Pakistan

180 million people
1,120 USD GNI (PPP)
Internet:
Not Free
Press:
Not Free
Partly Free

News & Updates

On April 10, more than 200 guests filled the Hillyer Art Space for Freedom House’s Third Annual Photography and Art Auction fundraiser.

Around the world, millions of people carried on the struggle for freedom and human rights in 2013. There were gains, to be sure, but unfortunately many more setbacks. Here are some of the best and worst developments in human rights over the past year.

Freedom House congratulates 16-year old activist Malala Yousafzai from Pakistan on receiving the Sakharov Prize for Freedom of Thought, a prestigious human rights award bestowed by the European Parliament to honor exceptional individuals and organizations that combat intolerance, fanaticism, and oppression. Past winners include notable figures such as Nelson Mandela and Kofi Annan.

The foreign affairs budget, which represents less than 1 percent of the annual U.S. budget, is invaluable for advancing U.S. foreign policy interests.

Pages

Signature Reports

Special Reports

Policing Belief: The Impact of Blasphemy Laws on Human Rights

Policing Belief: The Impact of Blasphemy Laws on Human Rights examines the human rights implications of domestic blasphemy and religious insult laws using the case studies of seven countries—Algeria, Egypt, Greece, Indonesia, Malaysia, Pakistan and Poland—where such laws exist both on paper and in practice. Without exception, blasphemy laws violate the fundamentalfreedom of expression, as they are by definition intended to protect religious institutions and religious doctrine– i.e., abstract ideas and concepts – from insult or offence. At their most benign, such laws lead to self-censorship.  In Greece and Poland, two of the more democratic countries examined in the study, charges brought against high-profile artists, curators and writers serve as a warning to others that certain topics are off limits. At their worst, in countries such as Pakistan and Malaysia, such laws lead to overt governmental censorship and individuals are both prosecuted and subject to severe criminal penalties including lengthy jail sentences.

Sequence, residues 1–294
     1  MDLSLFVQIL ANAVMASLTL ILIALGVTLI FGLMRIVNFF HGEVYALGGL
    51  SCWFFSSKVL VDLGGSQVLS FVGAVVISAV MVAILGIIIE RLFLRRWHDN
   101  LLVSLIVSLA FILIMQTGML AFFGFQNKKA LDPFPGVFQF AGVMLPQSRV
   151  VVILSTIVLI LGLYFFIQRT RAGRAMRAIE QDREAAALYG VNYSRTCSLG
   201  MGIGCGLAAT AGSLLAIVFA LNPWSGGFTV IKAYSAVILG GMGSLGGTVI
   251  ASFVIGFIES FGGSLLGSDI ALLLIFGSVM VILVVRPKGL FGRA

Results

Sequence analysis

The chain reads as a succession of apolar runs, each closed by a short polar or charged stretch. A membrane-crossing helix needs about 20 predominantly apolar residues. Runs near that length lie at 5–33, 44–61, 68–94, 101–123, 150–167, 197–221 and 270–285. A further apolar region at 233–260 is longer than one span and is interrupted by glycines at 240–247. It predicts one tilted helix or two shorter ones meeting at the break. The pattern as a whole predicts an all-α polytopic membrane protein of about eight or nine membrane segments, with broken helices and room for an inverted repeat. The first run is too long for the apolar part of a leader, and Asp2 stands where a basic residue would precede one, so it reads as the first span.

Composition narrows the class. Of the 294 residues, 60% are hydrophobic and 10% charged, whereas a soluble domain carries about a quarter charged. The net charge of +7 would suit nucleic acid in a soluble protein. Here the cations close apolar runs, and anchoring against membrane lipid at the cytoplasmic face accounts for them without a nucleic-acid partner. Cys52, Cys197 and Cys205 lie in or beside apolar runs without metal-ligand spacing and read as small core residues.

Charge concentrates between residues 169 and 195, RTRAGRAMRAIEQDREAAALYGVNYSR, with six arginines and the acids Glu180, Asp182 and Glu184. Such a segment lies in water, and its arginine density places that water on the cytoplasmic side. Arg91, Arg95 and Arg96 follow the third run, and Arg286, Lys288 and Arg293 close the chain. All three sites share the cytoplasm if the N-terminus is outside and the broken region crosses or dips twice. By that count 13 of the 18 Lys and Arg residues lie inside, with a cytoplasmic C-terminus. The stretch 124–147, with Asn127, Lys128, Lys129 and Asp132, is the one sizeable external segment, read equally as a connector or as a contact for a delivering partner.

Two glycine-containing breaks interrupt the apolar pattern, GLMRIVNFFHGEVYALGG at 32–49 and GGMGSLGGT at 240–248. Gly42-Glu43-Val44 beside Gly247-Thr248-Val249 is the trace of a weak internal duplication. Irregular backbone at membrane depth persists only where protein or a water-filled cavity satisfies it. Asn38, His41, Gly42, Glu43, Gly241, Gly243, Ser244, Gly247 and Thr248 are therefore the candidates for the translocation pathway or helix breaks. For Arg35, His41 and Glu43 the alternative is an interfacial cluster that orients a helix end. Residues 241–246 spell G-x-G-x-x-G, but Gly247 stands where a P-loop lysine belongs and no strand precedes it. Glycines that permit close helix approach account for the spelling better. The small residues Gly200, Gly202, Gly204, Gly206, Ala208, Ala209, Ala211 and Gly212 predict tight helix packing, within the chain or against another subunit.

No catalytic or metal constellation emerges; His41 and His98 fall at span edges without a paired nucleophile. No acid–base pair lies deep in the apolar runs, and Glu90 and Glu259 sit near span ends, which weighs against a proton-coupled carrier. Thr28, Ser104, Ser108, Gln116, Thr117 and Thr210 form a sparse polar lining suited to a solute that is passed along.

Evaluation of 2008-2011 UN Human Rights Council Candidates

On May 21, 2008, the UN General Assembly will elect 15 new Human Rights Council members. Twenty countries are candidates. Freedom House and UN Watch evaluated each candidate’s suitability for election to the Human Rights Council by examining its record of human rights protection at home and its record of human rights promotion at the UN.

Programs

No programs have been associated with this content.